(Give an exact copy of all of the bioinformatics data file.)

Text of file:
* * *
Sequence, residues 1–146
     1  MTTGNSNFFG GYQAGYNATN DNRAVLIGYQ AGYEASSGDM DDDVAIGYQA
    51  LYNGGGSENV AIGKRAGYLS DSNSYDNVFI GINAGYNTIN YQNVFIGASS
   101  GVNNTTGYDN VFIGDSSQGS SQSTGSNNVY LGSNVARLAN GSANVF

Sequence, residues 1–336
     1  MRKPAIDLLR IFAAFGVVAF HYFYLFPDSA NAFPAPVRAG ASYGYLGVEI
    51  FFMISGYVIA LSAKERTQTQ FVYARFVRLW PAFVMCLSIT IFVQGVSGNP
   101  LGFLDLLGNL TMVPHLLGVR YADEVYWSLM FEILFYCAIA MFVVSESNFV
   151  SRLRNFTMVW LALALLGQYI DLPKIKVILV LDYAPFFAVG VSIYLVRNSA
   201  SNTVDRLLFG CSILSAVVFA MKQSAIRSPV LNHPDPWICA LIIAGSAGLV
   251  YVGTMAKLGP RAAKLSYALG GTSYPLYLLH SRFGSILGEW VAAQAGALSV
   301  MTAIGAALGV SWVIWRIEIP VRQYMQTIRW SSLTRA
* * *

Sequence, residues 1–146
     1  MTTGNSNFFG GYQAGYNATN DNRAVLIGYQ AGYEASSGDM DDDVAIGYQA
    51  LYNGGGSENV AIGKRAGYLS DSNSYDNVFI GINAGYNTIN YQNVFIGASS
   101  GVNNTTGYDN VFIGDSSQGS SQSTGSNNVY LGSNVARLAN GSANVF

Sequence, residues 1–336
     1  MRKPAIDLLR IFAAFGVVAF HYFYLFPDSA NAFPAPVRAG ASYGYLGVEI
    51  FFMISGYVIA LSAKERTQTQ FVYARFVRLW PAFVMCLSIT IFVQGVSGNP
   101  LGFLDLLGNL TMVPHLLGVR YADEVYWSLM FEILFYCAIA MFVVSESNFV
   151  SRLRNFTMVW LALALLGQYI DLPKIKVILV LDYAPFFAVG VSIYLVRNSA
   201  SNTVDRLLFG CSILSAVVFA MKQSAIRSPV LNHPDPWICA LIIAGSAGLV
   251  YVGTMAKLGP RAAKLSYALG GTSYPLYLLH SRFGSILGEW VAAQAGALSV
   301  MTAIGAALGV SWVIWRIEIP VRQYMQTIRW SSLTRA